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Earth-Size Radio Telescope Opens Its Eye

Seven telescopes act as one to produce finest radio images ever

2 min read

This fall, the world's largest telescope will begin its scientific mission. Made up of radio telescopes in Chile, Germany, Italy, the Netherlands, Puerto Rico, South Africa, and Sweden, the e-VLBI--for electronic very long baseline interferometer--creates in effect a telescope with a diameter of 11 000 kilometers; Earth's own diameter is about 12 750 km at the equator. Because a telescope's resolution is proportional to its size, the e-VLBI should see farther out in space and time and elucidate the finer structures of the most energetic phenomena in the universe, such as supernovas, pulsars, and black holes.

Although a smaller, Europe-wide e-VLBI has been in operation for more than a year, the full multicontinent version opened its eye only on 22 May 2008, when all seven sites were linked to a custom-built supercomputer, operated by the European VLBI Network (EVN), in a test observation.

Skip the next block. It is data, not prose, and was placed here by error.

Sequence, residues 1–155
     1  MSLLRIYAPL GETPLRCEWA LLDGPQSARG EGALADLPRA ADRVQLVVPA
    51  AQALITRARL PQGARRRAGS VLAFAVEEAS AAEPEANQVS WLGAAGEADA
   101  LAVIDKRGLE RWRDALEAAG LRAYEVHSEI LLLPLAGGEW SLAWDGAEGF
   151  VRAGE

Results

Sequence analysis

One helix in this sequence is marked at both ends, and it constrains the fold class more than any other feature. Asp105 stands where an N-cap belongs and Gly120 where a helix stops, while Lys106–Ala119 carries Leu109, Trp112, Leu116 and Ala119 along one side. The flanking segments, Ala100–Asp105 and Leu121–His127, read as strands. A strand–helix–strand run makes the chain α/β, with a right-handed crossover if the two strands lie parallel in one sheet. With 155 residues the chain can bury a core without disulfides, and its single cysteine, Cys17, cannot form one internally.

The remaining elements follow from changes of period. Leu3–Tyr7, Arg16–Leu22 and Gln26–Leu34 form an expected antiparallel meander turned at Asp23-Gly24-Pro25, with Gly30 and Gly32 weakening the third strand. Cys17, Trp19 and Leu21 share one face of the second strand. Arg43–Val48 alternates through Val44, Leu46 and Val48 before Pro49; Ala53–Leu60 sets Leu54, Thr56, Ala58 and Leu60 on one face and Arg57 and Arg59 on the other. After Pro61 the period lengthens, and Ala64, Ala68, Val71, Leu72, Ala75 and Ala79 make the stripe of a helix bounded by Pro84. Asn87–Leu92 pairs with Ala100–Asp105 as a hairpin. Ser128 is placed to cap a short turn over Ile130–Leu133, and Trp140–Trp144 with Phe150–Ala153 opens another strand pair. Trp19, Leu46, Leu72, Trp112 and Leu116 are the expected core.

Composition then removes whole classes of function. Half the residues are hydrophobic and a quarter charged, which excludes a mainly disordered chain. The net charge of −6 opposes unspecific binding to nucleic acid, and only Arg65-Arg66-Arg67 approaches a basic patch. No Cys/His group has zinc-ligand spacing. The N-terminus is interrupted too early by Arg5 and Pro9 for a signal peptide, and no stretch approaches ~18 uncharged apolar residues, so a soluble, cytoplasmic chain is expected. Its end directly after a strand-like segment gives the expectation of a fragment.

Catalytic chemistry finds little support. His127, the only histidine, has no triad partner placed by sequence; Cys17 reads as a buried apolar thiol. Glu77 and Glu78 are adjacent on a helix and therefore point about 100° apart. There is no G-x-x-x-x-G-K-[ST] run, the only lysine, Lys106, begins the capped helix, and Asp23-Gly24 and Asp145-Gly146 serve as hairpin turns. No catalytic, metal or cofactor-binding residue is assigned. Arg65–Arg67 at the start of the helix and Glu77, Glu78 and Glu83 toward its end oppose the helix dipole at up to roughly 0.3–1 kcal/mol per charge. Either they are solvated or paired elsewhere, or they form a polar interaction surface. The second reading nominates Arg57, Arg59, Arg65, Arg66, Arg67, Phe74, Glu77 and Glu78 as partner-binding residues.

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Two men fix metal rods to a gold-foiled satellite component in a warehouse/clean room environment

Technicians at Northrop Grumman Aerospace Systems facilities in Redondo Beach, Calif., work on a mockup of the JWST spacecraft bus—home of the observatory’s power, flight, data, and communications systems.

NASA

For a deep dive into the engineering behind the James Webb Space Telescope, see our collection of posts here.

When the James Webb Space Telescope (JWST) reveals its first images on 12 July, they will be the by-product of carefully crafted mirrors and scientific instruments. But all of its data-collecting prowess would be moot without the spacecraft’s communications subsystem.

The Webb’s comms aren’t flashy. Rather, the data and communication systems are designed to be incredibly, unquestionably dependable and reliable. And while some aspects of them are relatively new—it’s the first mission to use Ka-band frequencies for such high data rates so far from Earth, for example—above all else, JWST’s comms provide the foundation upon which JWST’s scientific endeavors sit.

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